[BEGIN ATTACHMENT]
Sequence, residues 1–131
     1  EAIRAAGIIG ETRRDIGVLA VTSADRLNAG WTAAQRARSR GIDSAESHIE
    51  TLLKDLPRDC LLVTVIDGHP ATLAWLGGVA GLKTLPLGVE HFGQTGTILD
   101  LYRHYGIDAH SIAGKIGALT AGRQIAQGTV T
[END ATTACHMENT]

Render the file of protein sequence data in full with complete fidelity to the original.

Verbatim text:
Sequence, residues 1–131
     1  EAIRAAGIIG ETRRDIGVLA VTSADRLNAG WTAAQRARSR GIDSAESHIE
    51  TLLKDLPRDC LLVTVIDGHP ATLAWLGGVA GLKTLPLGVE HFGQTGTILD
   101  LYRHYGIDAH SIAGKIGALT AGRQIAQGTV T